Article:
PV is so cheap it is now worth installing to cover everything from cloud to future EV’s. So in practice, each property needs a comprehensive development plan, integrating a roll out of PV arrays for every suitable building, carpark, walkways etc.

      • nakedChimp 4 years ago

        I wonder when they will start to rip off those fancy roofs they still build around here and replace them with something more practical for solar.

        • solarguy 4 years ago

          Some building companies are starting to see the light and are designing and building passive solar homes with 7-8 star rating and more North roof space for PV and SHW.
          Gov should mandate this.

    • Carl Raymond S 4 years ago

      Another outlier concerns electric cars, which also arrive en masse once $/kWh cross the tipping point (pretty much the same day the gigafactory hits max output).
      On those rare occasions when you do back to back road trips, you need a full charge, up to 90kWh, overnight. No ordinary off grid system will cope with that.

      • Kenshō 4 years ago

        Well that will need at least a 90kWh stationary battery and if there is an average of 4 Peak Sun Hours (PSH) in that location, a PV array that is 90 divided by 4 = 22.5kW of PV array. Or a hybrid inverter/charger will need to get the shortfall slowly or after any demand tariff or however the grid determines the cheapest way to get it..

    • Mike Dill 4 years ago

      Bill, if you do nothing but go off-grid, you may need seven days of storage. That being said, if you also change your heating strategies and have an insulated house, the total amount of storage needed is much less as you have noted. The reality is that there is usually only 2 or 3, three or four day cold dark and calm periods in a normal year for most of us.

      Right now, some alternative energy source for the 5% of the time that two days of storage fails to cover will cost you significantly less than more batteries, and very soon (2018-2020) it will cost less than staying connected.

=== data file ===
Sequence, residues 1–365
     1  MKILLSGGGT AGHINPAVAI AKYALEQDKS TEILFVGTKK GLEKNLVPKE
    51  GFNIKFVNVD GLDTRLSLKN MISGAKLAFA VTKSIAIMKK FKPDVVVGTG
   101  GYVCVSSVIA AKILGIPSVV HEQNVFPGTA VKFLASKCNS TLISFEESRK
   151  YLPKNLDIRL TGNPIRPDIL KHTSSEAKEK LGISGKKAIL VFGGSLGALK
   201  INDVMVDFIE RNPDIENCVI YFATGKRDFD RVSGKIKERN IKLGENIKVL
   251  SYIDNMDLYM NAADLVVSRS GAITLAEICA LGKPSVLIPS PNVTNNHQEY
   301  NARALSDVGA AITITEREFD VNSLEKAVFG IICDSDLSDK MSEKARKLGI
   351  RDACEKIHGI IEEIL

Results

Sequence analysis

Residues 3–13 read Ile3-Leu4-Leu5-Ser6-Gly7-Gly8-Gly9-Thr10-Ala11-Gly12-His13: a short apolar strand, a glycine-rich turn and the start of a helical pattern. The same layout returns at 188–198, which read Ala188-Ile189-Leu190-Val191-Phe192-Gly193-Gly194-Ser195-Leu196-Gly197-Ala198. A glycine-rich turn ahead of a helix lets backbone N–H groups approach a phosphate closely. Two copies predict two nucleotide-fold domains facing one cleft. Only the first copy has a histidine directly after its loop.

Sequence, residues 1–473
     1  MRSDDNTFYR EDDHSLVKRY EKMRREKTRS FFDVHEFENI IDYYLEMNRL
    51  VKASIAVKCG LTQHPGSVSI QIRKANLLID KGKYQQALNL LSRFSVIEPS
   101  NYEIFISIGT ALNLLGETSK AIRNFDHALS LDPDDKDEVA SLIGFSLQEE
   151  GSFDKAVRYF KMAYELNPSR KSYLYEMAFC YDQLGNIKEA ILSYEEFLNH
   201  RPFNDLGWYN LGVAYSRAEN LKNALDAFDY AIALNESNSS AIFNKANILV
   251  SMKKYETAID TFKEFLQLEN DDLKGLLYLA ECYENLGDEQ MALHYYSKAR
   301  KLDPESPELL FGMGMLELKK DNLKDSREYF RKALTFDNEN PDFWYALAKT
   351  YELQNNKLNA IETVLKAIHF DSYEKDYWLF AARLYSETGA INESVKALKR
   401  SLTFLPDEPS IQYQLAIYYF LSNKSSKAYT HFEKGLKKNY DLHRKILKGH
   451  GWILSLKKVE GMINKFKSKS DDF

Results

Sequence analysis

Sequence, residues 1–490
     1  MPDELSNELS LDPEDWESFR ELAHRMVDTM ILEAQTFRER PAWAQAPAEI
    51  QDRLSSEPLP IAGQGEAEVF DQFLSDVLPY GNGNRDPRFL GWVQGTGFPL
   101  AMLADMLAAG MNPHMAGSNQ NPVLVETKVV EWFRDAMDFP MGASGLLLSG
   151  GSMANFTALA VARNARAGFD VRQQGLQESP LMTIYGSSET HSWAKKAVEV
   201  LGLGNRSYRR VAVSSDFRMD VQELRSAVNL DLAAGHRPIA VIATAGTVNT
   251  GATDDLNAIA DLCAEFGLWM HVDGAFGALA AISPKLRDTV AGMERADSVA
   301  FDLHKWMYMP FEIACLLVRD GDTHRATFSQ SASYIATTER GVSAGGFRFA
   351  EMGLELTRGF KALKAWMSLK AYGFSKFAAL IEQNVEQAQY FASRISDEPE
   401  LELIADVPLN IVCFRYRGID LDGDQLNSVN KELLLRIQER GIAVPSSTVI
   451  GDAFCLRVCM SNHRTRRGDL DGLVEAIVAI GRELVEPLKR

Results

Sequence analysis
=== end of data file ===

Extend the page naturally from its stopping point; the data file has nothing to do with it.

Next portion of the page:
• wmh 4 years ago

        Mike, I am in complete agreement. The question is – which alternative energy source? In the country it might be firewood combined with a fuel stove and wetback. In the city it could be bottled gas or a petrol powered electricity generator. However imagine a suburb with every house running a petrol generator.

        My solution is lots more hot water storage because heating is perhaps 80% of winter household energy usage and the extra tanks can be unpressurised and hence cheap. The extra storage to cover the remaining 20% is now a fraction of the total and perhaps economic to use batteries.

        In summer, cooling is required but generally not on cloudy days so you can run your air conditioner/ heat pump directly from the PV and rely on thermal mass (and those extra batteries!) to last you through the night.

        The population at large hasn’t realised yet that LED-based lighting and electronics is now a ridiculously small part of the daily energy demand. Enough light for a large room is provided by a 9W LED and my new 14 inch screen laptop draws only 8W. This reduces the required size of night time batteries enormously.

        Cooking is the last hurdle. It requires boiling water temperatures and more. However while there may be a lot of energy in baking a cake there is little energy in hard boiling four eggs or cooking porridge because the cooking times are short.

        • Mike Dill 4 years ago

          Hot water storage makes a great deal of sense, even in those places that do not get very cold.
          I have an Induction Hob, and that has cut my cooking energy use by more than half. I have changed out most of my lights with LEDs, and recently replaced my old heating and cooling system with an efficient air source heat exchange unit, and doubled my house insulation.

          My ‘problem’ right now is the power used for food refrigeration. I have a real problem convincing my other half that most items that we currently have in the fridge do not need refrigeration. Running the fridge heats the house, and here in the south of the USA (I live in Las Vegas) my major expense is cooling in the summer rather than heating in the winter.

          • Kenshō 4 years ago

            A fridge is low wattage and only runs a small % of the time and hence its a bit hard calculating how much power they use though it’s low. I know from my campervan a 180W panel and a 100Ah lead acid battery (1.2kWh with less than half of that usable) was sufficient for an 80L DC upright fridge. I know 80L is small though it seemed to only use 0.6kWh max overnight and fridges get more efficient for the size as they get bigger.

          • Mike Dill 4 years ago

            Here in the USA we have a company that sells very high efficiency units, that can run on PV or grid power. Of course they are smaller than average, but still very efficient.

            I think the units are manufactured in china currently (What else is new), There is a change that can be made to switch the freezer into a refrigerator, but I have not looked into it.

          • Kenshō 4 years ago